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Math Help - Finding the volume

  1. #1
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    Exclamation Finding the volume

    A circular concrete conduit, whose inside diameter is 10 ft., is 1 ft. thick. It rises 16 ft. per 1000 horizontal feet. The vertical plane which contains the axis is perpendicular to the two vertical planes which contain the ends of the conduit. If the ends are 3000 ft. apart, find the amount of concrete used in the construction of the conduit.

    Help me solve this problem.
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  2. #2
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    Quote Originally Posted by jasonlewiz View Post
    A circular concrete conduit, whose inside diameter is 10 ft., is 1 ft. thick. It rises 16 ft. per 1000 horizontal feet. The vertical plane which contains the axis is perpendicular to the two vertical planes which contain the ends of the conduit. If the ends are 3000 ft. apart, find the amount of concrete used in the construction of the conduit.

    Help me solve this problem.
    First find the length of the conduit, using the Pythagorean theorem: vertically, it is 3000 feet long and,since it rises 16 feet per 1000 horizontal feet, it rises 3(16)= 48. The conduit itself is the hypotenuse of a right triangle with legs of length 3000 and 48- its length is [tex]\sqrt{3000^2+ 48^2}.

    Now think of the cross section as two circles. The inner circle has radius 10 and the outer circle has radius 1. Find the areas of those two circles and subtract to find the area between them. Multiply that area by the length of the conduit.
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  3. #3
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    Hello, jasonlewiz!

    A circular concrete conduit, whose inside diameter is 10 ft., is 1 ft. thick.
    It rises 16 ft. per 1000 horizontal feet.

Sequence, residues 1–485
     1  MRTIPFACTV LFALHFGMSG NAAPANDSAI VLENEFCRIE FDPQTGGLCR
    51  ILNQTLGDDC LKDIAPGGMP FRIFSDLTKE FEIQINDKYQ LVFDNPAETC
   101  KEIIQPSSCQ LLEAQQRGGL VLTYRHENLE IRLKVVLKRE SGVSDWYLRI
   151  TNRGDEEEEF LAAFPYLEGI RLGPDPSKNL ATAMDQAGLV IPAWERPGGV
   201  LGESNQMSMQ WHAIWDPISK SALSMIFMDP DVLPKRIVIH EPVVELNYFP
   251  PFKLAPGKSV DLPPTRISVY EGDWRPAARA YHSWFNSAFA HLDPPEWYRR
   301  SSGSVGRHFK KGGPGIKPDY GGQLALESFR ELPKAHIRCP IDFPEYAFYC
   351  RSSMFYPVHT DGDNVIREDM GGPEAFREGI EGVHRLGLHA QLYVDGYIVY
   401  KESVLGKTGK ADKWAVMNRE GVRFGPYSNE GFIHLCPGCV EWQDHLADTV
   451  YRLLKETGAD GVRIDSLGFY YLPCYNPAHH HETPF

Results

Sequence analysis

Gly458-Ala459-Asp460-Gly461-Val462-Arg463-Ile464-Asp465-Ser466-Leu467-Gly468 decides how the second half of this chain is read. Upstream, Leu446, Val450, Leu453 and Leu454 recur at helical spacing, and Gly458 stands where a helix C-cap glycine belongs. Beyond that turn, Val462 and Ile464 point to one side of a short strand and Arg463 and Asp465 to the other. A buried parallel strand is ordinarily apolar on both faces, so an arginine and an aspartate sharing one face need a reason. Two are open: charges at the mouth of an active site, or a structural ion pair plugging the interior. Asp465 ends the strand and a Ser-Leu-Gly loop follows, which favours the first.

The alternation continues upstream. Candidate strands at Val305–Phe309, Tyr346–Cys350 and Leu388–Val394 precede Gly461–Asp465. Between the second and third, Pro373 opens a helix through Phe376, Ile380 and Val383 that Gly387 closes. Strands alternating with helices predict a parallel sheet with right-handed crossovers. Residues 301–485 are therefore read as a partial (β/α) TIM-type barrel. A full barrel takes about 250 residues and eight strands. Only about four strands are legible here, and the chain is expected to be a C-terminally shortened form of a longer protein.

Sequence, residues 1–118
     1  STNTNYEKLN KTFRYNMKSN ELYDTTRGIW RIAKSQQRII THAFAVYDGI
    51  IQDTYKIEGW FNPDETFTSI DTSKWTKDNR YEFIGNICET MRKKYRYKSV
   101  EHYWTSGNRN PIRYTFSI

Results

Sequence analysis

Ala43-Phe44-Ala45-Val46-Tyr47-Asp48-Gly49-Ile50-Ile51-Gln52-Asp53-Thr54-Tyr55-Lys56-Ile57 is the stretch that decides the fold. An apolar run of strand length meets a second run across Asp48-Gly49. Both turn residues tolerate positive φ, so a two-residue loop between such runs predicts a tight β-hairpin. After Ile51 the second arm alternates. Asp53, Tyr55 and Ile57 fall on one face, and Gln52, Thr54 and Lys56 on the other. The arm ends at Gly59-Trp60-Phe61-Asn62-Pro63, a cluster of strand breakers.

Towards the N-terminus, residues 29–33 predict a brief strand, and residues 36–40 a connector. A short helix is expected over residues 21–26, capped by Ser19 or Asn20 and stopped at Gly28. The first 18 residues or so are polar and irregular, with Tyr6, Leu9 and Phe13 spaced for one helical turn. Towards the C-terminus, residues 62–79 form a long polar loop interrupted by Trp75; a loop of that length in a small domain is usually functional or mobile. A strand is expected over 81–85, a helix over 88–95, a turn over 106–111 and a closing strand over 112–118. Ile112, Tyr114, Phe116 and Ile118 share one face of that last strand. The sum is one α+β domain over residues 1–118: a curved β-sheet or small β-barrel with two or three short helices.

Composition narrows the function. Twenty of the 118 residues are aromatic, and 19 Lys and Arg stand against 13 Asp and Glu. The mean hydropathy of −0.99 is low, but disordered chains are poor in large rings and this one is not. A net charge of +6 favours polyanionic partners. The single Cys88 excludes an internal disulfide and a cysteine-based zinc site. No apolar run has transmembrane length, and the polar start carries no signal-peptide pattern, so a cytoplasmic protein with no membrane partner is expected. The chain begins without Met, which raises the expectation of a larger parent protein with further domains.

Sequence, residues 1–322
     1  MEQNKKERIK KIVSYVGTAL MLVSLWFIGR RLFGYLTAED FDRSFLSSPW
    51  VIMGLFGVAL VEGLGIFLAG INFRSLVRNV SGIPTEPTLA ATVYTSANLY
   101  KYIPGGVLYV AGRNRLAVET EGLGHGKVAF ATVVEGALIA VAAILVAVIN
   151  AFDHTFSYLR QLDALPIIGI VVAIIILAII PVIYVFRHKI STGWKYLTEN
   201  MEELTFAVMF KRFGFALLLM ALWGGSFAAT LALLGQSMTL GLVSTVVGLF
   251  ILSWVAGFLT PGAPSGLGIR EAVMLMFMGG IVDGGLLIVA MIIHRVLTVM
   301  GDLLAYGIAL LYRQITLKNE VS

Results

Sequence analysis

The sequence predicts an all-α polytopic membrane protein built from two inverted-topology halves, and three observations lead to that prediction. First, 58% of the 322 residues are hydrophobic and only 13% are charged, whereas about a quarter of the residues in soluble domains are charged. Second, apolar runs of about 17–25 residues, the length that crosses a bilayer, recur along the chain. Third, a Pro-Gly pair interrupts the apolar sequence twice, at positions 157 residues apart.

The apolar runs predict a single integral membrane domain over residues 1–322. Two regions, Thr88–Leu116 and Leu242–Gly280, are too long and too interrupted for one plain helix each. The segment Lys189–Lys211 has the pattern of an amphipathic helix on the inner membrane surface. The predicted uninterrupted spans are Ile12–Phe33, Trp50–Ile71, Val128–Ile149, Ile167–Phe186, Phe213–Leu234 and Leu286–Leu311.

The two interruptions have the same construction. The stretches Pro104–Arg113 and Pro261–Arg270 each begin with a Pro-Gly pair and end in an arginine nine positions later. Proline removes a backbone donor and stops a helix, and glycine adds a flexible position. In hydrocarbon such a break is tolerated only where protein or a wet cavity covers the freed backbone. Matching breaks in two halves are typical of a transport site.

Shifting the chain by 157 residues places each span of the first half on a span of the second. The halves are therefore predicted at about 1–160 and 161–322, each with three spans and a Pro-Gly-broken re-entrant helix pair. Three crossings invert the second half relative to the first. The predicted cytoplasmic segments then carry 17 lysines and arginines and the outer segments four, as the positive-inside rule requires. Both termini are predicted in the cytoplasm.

The vertical plane which contains the axis is perpendicular to
    the two vertical planes which contain the ends of the conduit.
    If the ends are 3000 ft. apart, find the amount of concrete used in the conduit.

    Theat"vertical plane" decription is confusing.
    If I read it correctly, it means that the circular ends of the cylinder
    . . are perpendicular to the axis of the cylinder.
    That is, we have a right circular cylinder (which happens to be tipped).

    We have an outer cylinder with radius 6 and height 3000.
    . . Its volume is: . \pi (6^2)(3000 \:=\:108,000\pi\text{ ft}^3.

    We have an inner cylinder with radius 5 and height 3000.
    . . Its volume if: . \pi(5^2)(3000) \:=\:75,000\pi\text{ ft}^3.

    Therefore, the volume of the concrete is: . 108,000\pi - 75,000\pi \;=\; 33,000\pi\text{ ft}^3.

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  4. #4
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    Quote Originally Posted by HallsofIvy View Post
    First find the length of the conduit, using the Pythagorean theorem: vertically, it is 3000 feet long and,since it rises 16 feet per 1000 horizontal feet, it rises 3(16)= 48. The conduit itself is the hypotenuse of a right triangle with legs of length 3000 and 48- its length is [tex]\sqrt{3000^2+ 48^2}.

    Now think of the cross section as two circles. The inner circle has radius 10 and the outer circle has radius 1. Find the areas of those two circles and subtract to find the area between them. Multiply that area by the length of the conduit.
    This is the right solution. I try it ^^
    Last edited by jasonlewiz; January 25th 2010 at 02:28 AM.
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  5. #5
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    Quote Originally Posted by Soroban View Post
    Hello, jasonlewiz!


    Theat"vertical plane" decription is confusing.
    If I read it correctly, it means that the circular ends of the cylinder
    . . are perpendicular to the axis of the cylinder.
    That is, we have a right circular cylinder (which happens to be tipped).

    We have an outer cylinder with radius 6 and height 3000.
    . . Its volume is: . \pi (6^2)(3000 \:=\:108,000\pi\text{ ft}^3.

    We have an inner cylinder with radius 5 and height 3000.
    . . Its volume if: . \pi(5^2)(3000) \:=\:75,000\pi\text{ ft}^3.

    Therefore, the volume of the concrete is: . 108,000\pi - 75,000\pi \;=\; 33,000\pi\text{ ft}^3.


    Sir, I try your solution and the answer is 103,672.56 cu.ft.

    But the answer in my book is 103,690 cu. ft. it is close ^^
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